You can find Larry’s new release, What Binds Us, at these good sites:
What made you want to write THIS story, Moving in Rhythm?
I actually got the idea in Zumba class. There I was stumbling around in the back and the story grew as I watched my instructor’s ass sway and wiggle and swoop. She was the first person to read the finished product and loved it. This story also came out of my feeling that we all need to push through our fears. Mark’s extremely shy. It’s something lots of people can relate to, but it is also something we need to get past if we’re going to find real love.
Tell us about Mark – why is he so special?
Mark suffers from pathological shyness, a truly debilitating condition which involves serious panic attacks. Although he’s uncomfortable in crowds and public places, Mark’s main trigger is the attention of an attractive man. He breaks out into a sweat and literally cannot speak. Although he’s able to have occasional anonymous sex, he’s never managed a real relationship. Underneath all that terror, he’s a really nice guy and you can’t help but root for him to find happiness.
And Seth, your second hero; why is he so well-suited to your primary character – or not?
Seth’s an incredibly patient man. He rehabilitates rescue greyhounds and knows how to approach another being’s fear. He’s also dealing with his own limitations. When an injury ended his professional dance career, he had to learn how to live with lowered expectations. They’re drawn to each other by both the wounds they’ve survived and the strength they gained in the process.
What draws you to writing a male/male romance?
I love writing in this genre for a number of reasons. For one thing, it’s very freeing to move outside of the male-female power dynamic. With straight romance, whether you’re fighting or embracing stereotypes, you’re always writing about gender politics. In m/m romance, gay politics are in the background, but it’s a battle external to the relationship. And there’s a sexual freedom I have with male characters that I think might not work as well if I turned Mark into Martha. For example, the first scene in Moving in Rhythm has Mark in a bar seeking anonymous sex. He has to go through that kind of encounter to understand that what he’s really looking for is emotional connection. A female character would start in a different place, she’d probably already understand that she needed love, and I think we might judge her more harshly for her casual hook-ups along the way. But mostly, I love the way my men fall in love so sweetly, so heartfully. And, of course, they’re hot to watch.
Do you find it easier or more difficult to write not one, but two (!) male point of views?
I tend to stick closely to one character’s point of view, in this case Mark’s, mostly because that coincides with my experience of the world, since I rarely know what’s going on in someone else’s mind. But that begs your real question, which I think is about how I can slip deeply into a male character so that he becomes my primary voice in the story. And I’m not sure I understand myself, except to say that gender feels to me like a continuum, with all of us having some more feminine and some more masculine traits. When I’m in a story, I let myself travel to the other side of that continuum, which doesn’t feel that different to me than if I decided to write as a child or a very old woman. Writing is a bit like acting, in that we inhabit characters who are not ourselves.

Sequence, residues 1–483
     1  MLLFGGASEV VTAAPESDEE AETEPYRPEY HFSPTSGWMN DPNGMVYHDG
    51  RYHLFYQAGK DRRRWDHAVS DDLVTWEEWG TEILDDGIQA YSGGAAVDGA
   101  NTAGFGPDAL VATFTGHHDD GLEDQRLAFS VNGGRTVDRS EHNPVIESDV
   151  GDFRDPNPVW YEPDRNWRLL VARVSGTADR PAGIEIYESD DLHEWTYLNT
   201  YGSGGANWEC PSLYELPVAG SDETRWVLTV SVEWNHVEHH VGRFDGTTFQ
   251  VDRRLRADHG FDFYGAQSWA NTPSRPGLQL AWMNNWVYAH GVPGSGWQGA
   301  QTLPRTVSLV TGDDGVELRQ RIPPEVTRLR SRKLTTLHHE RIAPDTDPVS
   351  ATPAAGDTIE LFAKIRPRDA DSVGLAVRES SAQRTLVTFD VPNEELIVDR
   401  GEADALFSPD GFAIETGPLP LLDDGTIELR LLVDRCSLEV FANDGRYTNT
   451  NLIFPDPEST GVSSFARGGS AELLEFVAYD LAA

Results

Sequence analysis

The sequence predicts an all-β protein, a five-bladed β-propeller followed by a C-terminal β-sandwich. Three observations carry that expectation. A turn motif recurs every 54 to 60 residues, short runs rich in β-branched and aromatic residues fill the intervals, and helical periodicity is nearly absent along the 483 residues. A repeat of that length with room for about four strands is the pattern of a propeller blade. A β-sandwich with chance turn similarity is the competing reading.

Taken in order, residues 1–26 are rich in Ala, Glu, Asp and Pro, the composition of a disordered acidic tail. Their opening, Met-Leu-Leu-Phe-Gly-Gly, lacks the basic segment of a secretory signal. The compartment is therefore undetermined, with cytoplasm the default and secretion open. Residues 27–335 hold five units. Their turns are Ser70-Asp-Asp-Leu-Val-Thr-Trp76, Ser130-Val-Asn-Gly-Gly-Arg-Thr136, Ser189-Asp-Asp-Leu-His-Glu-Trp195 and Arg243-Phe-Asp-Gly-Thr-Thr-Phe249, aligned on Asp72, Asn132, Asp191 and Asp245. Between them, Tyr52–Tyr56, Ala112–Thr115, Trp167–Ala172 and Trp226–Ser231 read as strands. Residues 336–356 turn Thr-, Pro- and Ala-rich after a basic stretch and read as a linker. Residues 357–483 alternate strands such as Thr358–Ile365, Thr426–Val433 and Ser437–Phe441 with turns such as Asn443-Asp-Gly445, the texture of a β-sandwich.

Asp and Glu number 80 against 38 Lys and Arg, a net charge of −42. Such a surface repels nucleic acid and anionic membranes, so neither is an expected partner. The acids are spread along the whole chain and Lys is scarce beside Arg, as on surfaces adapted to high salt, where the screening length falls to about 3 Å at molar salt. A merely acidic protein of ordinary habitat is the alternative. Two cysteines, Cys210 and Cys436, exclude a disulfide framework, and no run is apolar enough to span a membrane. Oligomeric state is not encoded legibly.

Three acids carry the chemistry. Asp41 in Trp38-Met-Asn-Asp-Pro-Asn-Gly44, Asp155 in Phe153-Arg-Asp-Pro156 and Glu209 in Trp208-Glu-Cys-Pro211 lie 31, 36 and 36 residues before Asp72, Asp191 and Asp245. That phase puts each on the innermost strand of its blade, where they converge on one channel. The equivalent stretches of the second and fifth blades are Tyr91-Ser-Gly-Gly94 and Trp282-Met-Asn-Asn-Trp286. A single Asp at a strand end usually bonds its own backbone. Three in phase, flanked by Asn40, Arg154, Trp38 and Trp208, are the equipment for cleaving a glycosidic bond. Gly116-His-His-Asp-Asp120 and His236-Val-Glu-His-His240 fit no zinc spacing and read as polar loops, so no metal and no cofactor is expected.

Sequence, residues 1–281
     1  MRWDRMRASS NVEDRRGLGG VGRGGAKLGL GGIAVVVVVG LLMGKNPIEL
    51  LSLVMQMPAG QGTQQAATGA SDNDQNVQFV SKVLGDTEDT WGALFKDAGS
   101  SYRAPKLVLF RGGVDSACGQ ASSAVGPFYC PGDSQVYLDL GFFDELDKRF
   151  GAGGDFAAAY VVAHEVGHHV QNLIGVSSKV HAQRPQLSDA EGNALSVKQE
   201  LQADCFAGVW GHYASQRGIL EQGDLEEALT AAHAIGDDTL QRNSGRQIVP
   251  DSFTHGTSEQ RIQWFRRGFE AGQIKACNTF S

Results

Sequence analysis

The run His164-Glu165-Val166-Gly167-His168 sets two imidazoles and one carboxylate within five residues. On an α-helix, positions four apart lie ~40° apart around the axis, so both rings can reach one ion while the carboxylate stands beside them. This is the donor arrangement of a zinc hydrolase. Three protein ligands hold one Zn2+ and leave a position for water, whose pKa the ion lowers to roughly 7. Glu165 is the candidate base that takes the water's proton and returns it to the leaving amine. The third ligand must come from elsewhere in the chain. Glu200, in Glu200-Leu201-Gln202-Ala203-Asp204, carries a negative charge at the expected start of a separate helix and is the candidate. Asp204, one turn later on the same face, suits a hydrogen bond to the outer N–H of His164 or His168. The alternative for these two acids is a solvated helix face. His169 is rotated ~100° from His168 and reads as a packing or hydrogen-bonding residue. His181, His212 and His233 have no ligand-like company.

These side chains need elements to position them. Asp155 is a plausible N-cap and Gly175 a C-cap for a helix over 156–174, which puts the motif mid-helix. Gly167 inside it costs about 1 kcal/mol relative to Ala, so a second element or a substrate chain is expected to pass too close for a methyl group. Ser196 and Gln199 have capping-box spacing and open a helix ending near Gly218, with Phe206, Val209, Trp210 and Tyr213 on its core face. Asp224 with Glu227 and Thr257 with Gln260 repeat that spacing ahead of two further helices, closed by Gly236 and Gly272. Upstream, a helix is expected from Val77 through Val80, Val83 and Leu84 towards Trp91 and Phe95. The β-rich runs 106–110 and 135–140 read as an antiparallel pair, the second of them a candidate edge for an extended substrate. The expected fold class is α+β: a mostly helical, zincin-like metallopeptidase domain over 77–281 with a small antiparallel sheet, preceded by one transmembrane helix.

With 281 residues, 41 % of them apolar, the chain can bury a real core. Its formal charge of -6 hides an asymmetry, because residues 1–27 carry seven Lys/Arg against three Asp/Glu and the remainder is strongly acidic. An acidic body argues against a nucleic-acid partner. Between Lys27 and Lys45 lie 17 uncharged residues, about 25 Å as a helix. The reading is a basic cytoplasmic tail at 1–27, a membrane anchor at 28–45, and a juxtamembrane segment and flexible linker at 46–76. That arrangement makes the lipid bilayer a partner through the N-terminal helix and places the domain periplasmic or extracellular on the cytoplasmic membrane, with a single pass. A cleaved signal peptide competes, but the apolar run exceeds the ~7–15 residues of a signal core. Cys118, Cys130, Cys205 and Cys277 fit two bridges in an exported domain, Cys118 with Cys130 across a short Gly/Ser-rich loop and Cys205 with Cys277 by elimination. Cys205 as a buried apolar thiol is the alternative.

What are some of the challenges you face with this particular genre of writing?
People always assume the hardest part to write is the sex, because, after all, I don’t have the same equipment as my characters. But sex is sex, there are only so many things two bodies can do together. I do find it challenging to draw characters who are emotionally available enough to make for satisfying romance reading, and yet sufficiently reticent to feel convincingly male. And, of course, it’s always a challenge to explain to my mother why my stories have all these explicit bits about male genitalia (although, I’m not sure she’d be happier if there were female parts mixed in).
What books/heroes did you like to read, growing up, and how have they inspired you in writing this story?
As a kid, I read everything from the original Grimm’s fairy tales to the classics to racy romances my mom had hidden in a box in the basement. I’m not sure how they influenced the writing of this story, but I do know that the reason I read so voraciously is absolutely related to Mark and his anxieties. I was a terribly insecure child, shy around both adults and other children, and certain that people were laughing at me all the time. Those were the feelings and fears I drew on in creating Mark and I think he’s a more powerful character because he comes out of my own experience.
What are you working on next?
I have a book coming out from Loose Id very soon, called Learning from Isaac, which is the story of a professor who falls in love with his student, only to find that things are more complicated than they seem.
Congratulations on your new release!
If you’d like to contact Dev, you can find her at these places:
To grab hold of Dev’s new release, Moving in Rhythm, try these sources:
To celebrate Dev’s new release, Moving in Rhythm, one lucky person can win an advanced copy of the book in whatever electronic form they prefer by leaving a comment. The winner will be announced 10th March.